Noses, Nails, and Nosferatu

From the moment that British solicitor Jonathan Harker steps foot in Dracula’s fictionalized Eastern Europe, he is far out of his depth. He is blindsided at every turn by mysterious and unusual sights and experiences, forewarned by those on his path to not continue, and tossed about until he lands in the hands of one Count Dracula in his Transylvanian castle. The Count himself is a rather peculiar individual and one whose charming looks are often portrayed as part of his appeal–and while later events within the novel provide a basis for this appearance, it is a supposedly hideous and monstrous old man that Jonathan encounters when he first arrives in Transylvania. He details the count’s features, such as his “lofty domed forehead” (chapter 2) and hair that “[grew] scantily round the temples but profusely elsewhere” (2) and “seemed to curl in its own profusion” (2). Altogether, Stoker illustrates to his readers that Dracula, put simply, does not look like our heroic British protagonists. Furthermore, when this passage is put into conversation with the text’s fixation on physiognomy, I would argue that Stoker’s grotesque description of Dracula’s Eastern European features in relation to his vampirism serves to alienate him from the “good” British characters he is juxtaposed against. The linkage of Dracula’s non-British appearance to his sinister nature suggests deeper underlying beliefs regarding physiognomy and Britain in the Age of Empire.

Dracula’s emphasis on physiognomy makes it impossible to ignore the deliberate word choices employed by Stoker: the Count’s initial features are intentionally not those the remainder of the work associates with beauty. In fact, before this description, Jonathan outwardly claims that his host is of a “marked physiognomy” (2), establishing that he considers Dracula’s features to be of some importance to his personality and morality. When a man who is by all means a “good” British citizen is faced with an aquiline nose, curly hair, and coarse hands, the implication of malice or immorality is undeniably present. To Jonathan, Dracula’s appearance is “strange,” “peculiar,” and “cruel,” altogether words that are undeniably negative; and when Dracula turns out to be sinister, it is revealed that his appearance has said so all along. A valiant crusade is led against this hideous Eastern European man by brave British men and women, and once more, through Stoker’s narrative, physiognomy is proven justified.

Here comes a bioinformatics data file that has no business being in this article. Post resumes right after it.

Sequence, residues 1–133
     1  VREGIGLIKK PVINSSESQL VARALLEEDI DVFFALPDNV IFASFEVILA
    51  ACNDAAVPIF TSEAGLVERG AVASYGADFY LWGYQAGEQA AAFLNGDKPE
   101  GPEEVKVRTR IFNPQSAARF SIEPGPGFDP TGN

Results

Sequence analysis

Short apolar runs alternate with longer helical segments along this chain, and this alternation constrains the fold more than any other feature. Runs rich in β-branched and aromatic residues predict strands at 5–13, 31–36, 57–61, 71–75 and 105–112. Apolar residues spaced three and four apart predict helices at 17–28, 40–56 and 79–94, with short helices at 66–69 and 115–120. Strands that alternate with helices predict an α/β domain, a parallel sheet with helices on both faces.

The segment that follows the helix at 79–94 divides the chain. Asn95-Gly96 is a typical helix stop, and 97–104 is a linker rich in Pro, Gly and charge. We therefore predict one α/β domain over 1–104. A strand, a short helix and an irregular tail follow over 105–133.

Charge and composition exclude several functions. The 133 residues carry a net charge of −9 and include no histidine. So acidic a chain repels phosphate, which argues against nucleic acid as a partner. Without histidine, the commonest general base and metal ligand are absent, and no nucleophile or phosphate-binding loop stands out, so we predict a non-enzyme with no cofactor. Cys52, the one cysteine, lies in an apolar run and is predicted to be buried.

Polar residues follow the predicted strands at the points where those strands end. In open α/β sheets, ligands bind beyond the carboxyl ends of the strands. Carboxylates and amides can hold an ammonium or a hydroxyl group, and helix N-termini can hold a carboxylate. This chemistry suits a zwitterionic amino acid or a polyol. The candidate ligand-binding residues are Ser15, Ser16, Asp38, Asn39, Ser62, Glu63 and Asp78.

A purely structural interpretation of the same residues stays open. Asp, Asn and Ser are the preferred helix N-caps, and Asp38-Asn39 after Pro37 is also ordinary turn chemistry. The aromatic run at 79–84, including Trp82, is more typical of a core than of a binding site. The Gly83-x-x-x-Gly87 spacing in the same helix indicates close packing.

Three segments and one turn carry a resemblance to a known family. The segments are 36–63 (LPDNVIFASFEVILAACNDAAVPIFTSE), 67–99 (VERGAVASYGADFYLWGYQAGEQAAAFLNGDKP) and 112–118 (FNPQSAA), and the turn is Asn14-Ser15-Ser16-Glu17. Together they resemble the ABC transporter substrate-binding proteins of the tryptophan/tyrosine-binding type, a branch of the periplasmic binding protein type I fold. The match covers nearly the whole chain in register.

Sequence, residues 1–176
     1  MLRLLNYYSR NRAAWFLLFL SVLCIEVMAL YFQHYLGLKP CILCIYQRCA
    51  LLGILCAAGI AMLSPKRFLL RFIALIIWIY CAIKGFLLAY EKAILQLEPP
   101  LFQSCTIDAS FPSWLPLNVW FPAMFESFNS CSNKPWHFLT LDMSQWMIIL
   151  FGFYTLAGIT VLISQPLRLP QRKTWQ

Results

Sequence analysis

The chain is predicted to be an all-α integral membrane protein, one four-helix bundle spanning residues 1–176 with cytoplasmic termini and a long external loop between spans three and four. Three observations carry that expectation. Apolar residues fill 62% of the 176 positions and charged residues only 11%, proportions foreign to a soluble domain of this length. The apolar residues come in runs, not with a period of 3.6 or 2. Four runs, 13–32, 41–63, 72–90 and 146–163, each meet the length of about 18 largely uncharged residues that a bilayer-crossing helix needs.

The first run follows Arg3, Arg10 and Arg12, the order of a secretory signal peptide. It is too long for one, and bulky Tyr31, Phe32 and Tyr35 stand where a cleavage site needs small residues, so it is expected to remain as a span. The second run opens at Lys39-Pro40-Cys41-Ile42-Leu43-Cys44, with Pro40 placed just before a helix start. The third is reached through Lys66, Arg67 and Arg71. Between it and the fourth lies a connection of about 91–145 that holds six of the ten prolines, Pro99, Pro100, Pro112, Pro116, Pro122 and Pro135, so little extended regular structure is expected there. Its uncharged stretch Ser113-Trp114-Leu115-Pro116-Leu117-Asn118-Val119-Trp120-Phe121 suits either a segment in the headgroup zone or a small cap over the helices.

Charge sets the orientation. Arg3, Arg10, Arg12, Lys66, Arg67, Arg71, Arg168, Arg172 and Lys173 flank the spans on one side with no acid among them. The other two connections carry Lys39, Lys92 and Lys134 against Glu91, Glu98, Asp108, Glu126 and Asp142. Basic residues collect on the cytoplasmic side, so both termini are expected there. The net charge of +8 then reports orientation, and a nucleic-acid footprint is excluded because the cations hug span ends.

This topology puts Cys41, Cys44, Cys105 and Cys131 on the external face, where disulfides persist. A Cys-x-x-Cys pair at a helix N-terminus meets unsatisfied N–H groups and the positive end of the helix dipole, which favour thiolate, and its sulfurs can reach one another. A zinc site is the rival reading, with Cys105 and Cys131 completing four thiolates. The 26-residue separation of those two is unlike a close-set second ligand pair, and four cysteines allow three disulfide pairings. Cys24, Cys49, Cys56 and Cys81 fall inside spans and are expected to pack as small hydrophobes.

3 thoughts on “Noses, Nails, and Nosferatu”

  1. The emphasis on Dracula’s facial features is a very prominent tool used by Bram Stoker. I think the references to physical appearance function as one more mode of differentiating Dracula and his army as “other.” Stoker, as you point out, proceeds to compartmentalize the facial structure of Dracula as ugly, compared with the beauty of the English folks. One thing I would raise as a point of inquiry is that I do not get the sense that the three vampires that show up in Jonathan Harker’s dreams fall into this un-beautiful classification. I wonder why their relation to Dracula would not result in the same type of alienation from beauty.

    1. I do not think this complication you point out is actually as much of a complication as it appears to be. Groups of people are not just othered and dehumanized by being made ugly and monstrous, but they can also be othered and dehumanized by being oversexualized, especially asian women. It is notable to this observation that the three women are only described as beautiful to the extent that we are not even told basic details like their relation to Dracula.

  2. Agreed, Dracula is a great example of xenophobia for all the reasons you pointed out. Also, being that his main trait is drinking blood and spreading his vampirism, he is literally a parasite, which is how many xenophobes view immigrants. In addition to this, Dracula seems to mostly prey on women. This is another cornerstone of xenophobia, the fear that those from other countries will “take” and “harm” “their” women. This fear has been used to conjure up support by many political figures, a notable one from the last decade is Donald Trump. Dracula is an interesting read not just for the plot but also for what we can infer about what it says about human nature given it touches on many societal and social issues still prevalent today.

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